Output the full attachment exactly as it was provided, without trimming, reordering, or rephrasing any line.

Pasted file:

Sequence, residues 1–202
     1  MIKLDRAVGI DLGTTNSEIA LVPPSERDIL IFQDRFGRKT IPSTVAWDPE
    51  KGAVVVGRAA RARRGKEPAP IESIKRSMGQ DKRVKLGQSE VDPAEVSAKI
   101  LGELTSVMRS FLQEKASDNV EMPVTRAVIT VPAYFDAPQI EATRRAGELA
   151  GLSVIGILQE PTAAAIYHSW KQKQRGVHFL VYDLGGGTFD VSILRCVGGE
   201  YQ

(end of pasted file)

Sequence, residues 1–202
     1  MIKLDRAVGI DLGTTNSEIA LVPPSERDIL IFQDRFGRKT IPSTVAWDPE
    51  KGAVVVGRAA RARRGKEPAP IESIKRSMGQ DKRVKLGQSE VDPAEVSAKI
   101  LGELTSVMRS FLQEKASDNV EMPVTRAVIT VPAYFDAPQI EATRRAGELA
   151  GLSVIGILQE PTAAAIYHSW KQKQRGVHFL VYDLGGGTFD VSILRCVGGE
   201  YQ